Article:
I used to own The Good News, and we did an article about gay men who had become Christians and were now married (heterosexually). What followed was a campaign stating that we were against "gays, people of color and women" (which was featured in the Tucson Weekly). Never had I published anything that was hateful, racist or misogynic, yet the campaign raged until I talked to the man who led the campaign. I shared with him what I share with you now, and afterward, the campaign ended.
The crux (cross) of Christianity is summed up in what Jesus said when He was asked what the greatest commandment was. He said, "Love the Lord your God with all your heart, soul and mind, and the second is likened unto it; love your neighbor as yourself." The Gospel is about love.
The difference between what Jesus taught (but not all Christians follow) and other religions is that we are to love all people regardless of whether we agree with their behavior. Thus, we are taught (in all things charity) to love always. Jesus said this when some of the Pharisees asked Jesus in Matthew 19, "Is it right for a man to divorce his wife for just any reason?" Jesus answered, "Don't you know that in the beginning the Creator made a man and a woman? That's why a man leaves his father and mother and gets married. He becomes like one person with his wife. They are no longer two people, but one. And no one should separate a couple that God has joined together." What Jesus taught (and what we believe) is that God intends for a man and a woman to get married and stay married. Therefore, to focus on homosexuality, to the exclusion of everything else that is apart from a man and a woman getting married and staying married, is short sighted.
Jesus went on to say that you are not to divorce your wife unless she commits a sexual sin. This would encompass adultery, homosexuality and anything sexual outside of marriage is sinful. So everyone who is involved in premarital sex, pedophilia, pornography, adultery or homosexuality is sinning. The Bible says that we have all sinned (missed the mark) and fallen short of the glory of God. We are also told in 1 John 1:9 that if "we confess our sins to God, he can always be trusted to forgive us and take our sins away." Implied in this is that we must realize that what we are doing is sinful.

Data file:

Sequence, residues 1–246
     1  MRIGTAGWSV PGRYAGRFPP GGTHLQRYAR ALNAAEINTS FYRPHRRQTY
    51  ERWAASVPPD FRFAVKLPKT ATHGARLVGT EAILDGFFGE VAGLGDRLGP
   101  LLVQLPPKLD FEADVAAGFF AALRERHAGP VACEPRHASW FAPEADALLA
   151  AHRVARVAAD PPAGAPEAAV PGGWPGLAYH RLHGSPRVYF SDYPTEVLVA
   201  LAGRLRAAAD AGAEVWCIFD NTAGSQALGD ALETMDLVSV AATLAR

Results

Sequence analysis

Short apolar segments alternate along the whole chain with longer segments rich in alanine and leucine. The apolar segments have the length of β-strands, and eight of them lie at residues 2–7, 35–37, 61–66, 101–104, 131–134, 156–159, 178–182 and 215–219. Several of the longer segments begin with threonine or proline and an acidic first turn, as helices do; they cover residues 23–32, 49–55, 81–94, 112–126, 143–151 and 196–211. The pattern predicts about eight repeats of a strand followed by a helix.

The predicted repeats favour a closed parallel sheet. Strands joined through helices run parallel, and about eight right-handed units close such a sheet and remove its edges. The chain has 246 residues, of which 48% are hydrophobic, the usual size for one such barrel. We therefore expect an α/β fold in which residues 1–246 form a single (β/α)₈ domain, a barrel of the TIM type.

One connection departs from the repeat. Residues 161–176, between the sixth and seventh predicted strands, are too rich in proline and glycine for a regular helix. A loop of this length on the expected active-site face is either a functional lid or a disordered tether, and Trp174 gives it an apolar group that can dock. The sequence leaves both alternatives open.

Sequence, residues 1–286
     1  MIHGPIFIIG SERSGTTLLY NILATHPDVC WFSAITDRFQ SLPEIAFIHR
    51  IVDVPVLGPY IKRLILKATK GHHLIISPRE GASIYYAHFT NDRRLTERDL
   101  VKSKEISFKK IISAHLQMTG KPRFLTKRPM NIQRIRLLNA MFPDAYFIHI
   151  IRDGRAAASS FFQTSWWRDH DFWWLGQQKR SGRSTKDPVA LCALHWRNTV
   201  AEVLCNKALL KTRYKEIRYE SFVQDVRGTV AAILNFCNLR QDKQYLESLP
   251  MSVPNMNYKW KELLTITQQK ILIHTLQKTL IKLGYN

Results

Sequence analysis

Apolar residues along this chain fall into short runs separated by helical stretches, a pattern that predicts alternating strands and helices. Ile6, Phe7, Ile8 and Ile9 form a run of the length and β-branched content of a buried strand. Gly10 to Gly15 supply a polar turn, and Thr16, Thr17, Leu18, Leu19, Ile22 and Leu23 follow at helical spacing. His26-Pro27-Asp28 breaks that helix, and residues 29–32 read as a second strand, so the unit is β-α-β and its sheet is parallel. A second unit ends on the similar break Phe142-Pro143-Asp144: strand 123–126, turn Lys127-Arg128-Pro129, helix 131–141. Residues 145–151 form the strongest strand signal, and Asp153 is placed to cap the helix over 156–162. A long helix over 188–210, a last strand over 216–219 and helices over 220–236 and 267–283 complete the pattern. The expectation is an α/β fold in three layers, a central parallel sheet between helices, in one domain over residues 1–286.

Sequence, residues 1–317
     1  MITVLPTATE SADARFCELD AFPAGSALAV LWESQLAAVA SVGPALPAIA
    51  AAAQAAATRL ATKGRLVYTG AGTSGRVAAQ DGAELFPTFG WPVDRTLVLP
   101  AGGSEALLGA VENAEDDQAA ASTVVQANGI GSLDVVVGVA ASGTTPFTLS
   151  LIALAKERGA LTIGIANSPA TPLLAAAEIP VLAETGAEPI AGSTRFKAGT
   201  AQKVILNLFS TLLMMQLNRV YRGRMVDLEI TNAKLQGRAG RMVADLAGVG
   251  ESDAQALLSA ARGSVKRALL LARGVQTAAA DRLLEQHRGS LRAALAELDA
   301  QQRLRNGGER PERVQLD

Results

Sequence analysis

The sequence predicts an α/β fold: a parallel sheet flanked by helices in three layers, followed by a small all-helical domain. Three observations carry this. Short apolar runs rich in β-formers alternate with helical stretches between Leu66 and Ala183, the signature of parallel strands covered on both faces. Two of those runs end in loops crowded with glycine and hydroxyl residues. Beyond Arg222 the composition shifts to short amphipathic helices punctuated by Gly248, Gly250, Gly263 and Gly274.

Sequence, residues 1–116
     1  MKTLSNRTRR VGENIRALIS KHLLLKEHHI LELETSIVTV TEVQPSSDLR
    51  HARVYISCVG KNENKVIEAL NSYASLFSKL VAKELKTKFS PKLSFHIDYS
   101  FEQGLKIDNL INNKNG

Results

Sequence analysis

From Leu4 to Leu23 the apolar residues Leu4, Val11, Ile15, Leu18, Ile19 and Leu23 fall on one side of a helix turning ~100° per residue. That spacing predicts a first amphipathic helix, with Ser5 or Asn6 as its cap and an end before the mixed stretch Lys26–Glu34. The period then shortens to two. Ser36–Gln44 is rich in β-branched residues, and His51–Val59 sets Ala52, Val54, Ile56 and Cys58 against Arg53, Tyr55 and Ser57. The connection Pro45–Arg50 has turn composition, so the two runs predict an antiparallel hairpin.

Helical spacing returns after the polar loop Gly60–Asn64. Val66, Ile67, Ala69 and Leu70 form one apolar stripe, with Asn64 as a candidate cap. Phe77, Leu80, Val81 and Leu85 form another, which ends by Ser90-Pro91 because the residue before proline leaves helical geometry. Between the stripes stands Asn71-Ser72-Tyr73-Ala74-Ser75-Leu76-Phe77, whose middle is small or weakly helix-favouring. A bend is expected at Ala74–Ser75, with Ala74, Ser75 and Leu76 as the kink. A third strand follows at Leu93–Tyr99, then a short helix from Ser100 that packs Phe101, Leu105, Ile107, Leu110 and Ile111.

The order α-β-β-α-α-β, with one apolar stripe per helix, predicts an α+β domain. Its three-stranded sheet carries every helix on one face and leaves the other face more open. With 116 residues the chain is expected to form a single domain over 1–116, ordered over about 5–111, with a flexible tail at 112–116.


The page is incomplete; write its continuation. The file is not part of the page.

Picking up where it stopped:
Understand that our beliefs drive us to love, not hate. In the end, I would hope that we could agree to disagree agreeably (with love).
Doug Martin President/general manager, Good News Radio Broadcasting
This is from the New American Standard Bible, a careful, word-for-word translation of the original Greek. Perhaps a little clearer version is the New Living Translation, which is a thought-for-thought translation: "I am warning you! If another believer sins, rebuke him; then if he repents, forgive him. Even if he wrongs you seven times a day and each time turns again and asks forgiveness, forgive him."
Notice that Jesus refers to "your brother" or "another believer." Notice also that He says first to rebuke and then to forgive, but only if the person repents. This in no way removes the responsibility or accountability they must face for whatever wrong they did, but it frees you to forgive only as God forgives. And He is quick to forgive, but only those who are truly sorry and show it in their lives.
The only real issue in all this recent controversy is whether one believes that the Bible is the true, authoritative word of God. Christians take that position, based on a preponderance of evidence. If you do not, then there really is nothing more to debate.
Please understand that Christians just want to obey God, based on what He says in the Bible.
His mother's not knowing when she was born reminds me of how the late Tohono O'odham potter Laura Kermen answered the question, "When were you born?"
"I don't know," she would say. "I was born before we knew the years had numbers."
When the dog-park proposal became known, approximately 50 residents attended a neighborhood meeting, including Councilwoman Karin Uhlich. The majority of those present did not want the dog park for reasons including a concern for safety along Tucson Boulevard. This narrow dead-end has not been improved, despite requests from the neighborhood for the city's attention.
A dog park does not fit well into a natural-resource park which supports a large pack of coyotes, and it would destroy the plan to restore the riparian area. Despite the unpopularity of her position, it appeared to me that Karin Uhlich represented her constituents' wishes well.
Suzanne T. MacFerrin
Thumbs up to the bicyclists in Tucson: You're helping improve our air and congested streets. I am sorry that a few childish citizens in this great city are so immature.
Next lesson: Will Tucsonans ever learn how to drive?
I live near Glendale. There are great libraries and parks, and even a fantastic old historic post office complete with marble arches and brass window cages. I only wish Tucson could be made as nice.
With all of the reckless demolition and faux-Southwest reconstruction, Tucson is turning into a Glendale--Glendale, Ariz.